Ireland’s battle over Big Tech moves closer to home
By Joshua Taggart, Junior Consultant
Ireland has typically been seen as soft on Big Tech, which has resulted in friction between the Irish Government and its European partners. Criticisms have typically come from those who are concerned by Ireland’s economy being so dependent on a few tech giants, as well as privacy campaigners and civil rights activists who believe that such companies are doing more harm than good for the general public.
In the wake of such criticism, the Government has thrown petrol on the flames by introducing a new amendment to the Courts and Civil Law (Miscellaneous Provisions) Bill 2022 which will prohibit the disclosure of ‘confidential’ information in data protection cases.
On the face of it, this seems like an uncontroversial change to a vague-sounding piece of legislation (I mean, it’s called ‘Miscellaneous Provisions’ for goodness’ sake!). However, opponents of the move have accused the Government of sneaking in a last minute change to the Bill that could ‘muzzle’ potential critics of Big Tech.
The amendment alters the Data Protection Act 2018 to prevent complainants from revealing confidential information during complaints to the Data Protection Commission (DPC). The trick is that the DPC itself will define what is ‘confidential’. That opens up a huge can of worms regarding the DPC’s impartiality and interests, as the DPC has historically been viewed as soft towards the companies who are based in Dublin, including Meta, Twitter, TikTok, Amazon and others.
Earlier this year, the DPC was slammed by the European Data Protection Board for its decision on a case involving Meta sending user data to the United States – the EDPB ended up forcing the DPC to throw out the original ruling and implement its own findings, a decision which almost never occurs and showed just how much the DPC is being scrutinised by its partner agencies.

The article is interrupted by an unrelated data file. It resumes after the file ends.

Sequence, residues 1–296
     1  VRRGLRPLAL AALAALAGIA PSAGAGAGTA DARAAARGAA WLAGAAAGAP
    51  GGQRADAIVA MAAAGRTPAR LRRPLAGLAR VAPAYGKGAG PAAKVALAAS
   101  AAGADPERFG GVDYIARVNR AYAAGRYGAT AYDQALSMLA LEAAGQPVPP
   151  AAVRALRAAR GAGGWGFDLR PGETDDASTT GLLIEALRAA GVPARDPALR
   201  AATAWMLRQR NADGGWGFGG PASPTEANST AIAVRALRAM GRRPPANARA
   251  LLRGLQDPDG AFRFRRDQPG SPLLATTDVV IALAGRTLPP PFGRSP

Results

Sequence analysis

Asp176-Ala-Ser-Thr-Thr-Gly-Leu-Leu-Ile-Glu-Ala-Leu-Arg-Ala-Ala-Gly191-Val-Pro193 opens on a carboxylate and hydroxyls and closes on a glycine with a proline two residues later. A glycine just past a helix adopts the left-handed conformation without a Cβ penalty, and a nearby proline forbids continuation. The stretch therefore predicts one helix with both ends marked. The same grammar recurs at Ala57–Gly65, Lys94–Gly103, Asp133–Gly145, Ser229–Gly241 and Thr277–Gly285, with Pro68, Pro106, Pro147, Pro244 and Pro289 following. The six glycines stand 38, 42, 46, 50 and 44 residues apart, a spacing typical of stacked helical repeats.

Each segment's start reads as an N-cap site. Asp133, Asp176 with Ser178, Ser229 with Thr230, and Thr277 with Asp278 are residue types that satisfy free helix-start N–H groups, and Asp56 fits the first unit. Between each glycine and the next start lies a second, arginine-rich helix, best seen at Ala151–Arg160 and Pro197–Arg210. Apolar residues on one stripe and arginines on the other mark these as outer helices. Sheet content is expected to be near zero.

Data protection campaigner Max Schrems and his Austrian-based outfit ‘None of Your Business’ (NOYB) has been vocal in his outrage at the amendment, saying “It is mind blowing that this would happen in a European country.”
The amendment exposes several thorny subjects for the Irish Government as well as its European counterparts. First, the case highlights the potential contradiction between serving its economic interests (staying cosy with Big Tech to ensure they stay in Ireland) and serving the interests of citizens who are reliant upon the DPC to advocate for their interests against such companies.
It also re-opens the wound which the DPC received after they were accused of lobbying in Brussels on Meta’s behalf. The European Union is pushing hard to bring Big Tech under their control through legislation such as the Digital Markets Act (for antitrust) and Digital Services Act (for online safety and content moderation) as well as stricter enforcement of General Data Protection Regulations (GDPR). That falls apart if Ireland continues to give Big Tech companies an easy pass, marking the island nation as a weak link in the European chain which can stall investigations, dilute fines and penalties or act as a buffer against European tech enforcement.
This latest amendment to the Courts and Civil Law Bill may not be as bad as civil activists have made it out to be. There is no guarantee that the DPC will use its discretion to be overly harsh against complainants, or that the DPC will be negligent in any way towards its duty to investigate GDPR violations fairly. However, it’s not a good look for the Irish Government to introduce an amendment at Final Stage with little to no warning which could affect the very foundations of data protection in the European Union. The picture being painted is one where the European Union heads in one direction, and Ireland stubbornly drags its heels and faces the other way.
The introduction of such a broad amendment at such a late hour is questionable behaviour from any government, but for the Irish Government to do so in the context of cracking down on Big Tech is a smoking gun. Dublin will have to demonstrate that the DPC is both willing and able to perform their functions or Ireland may find itself increasingly ostracised by a Brussels coalition which is turning up the heat on Big Tech.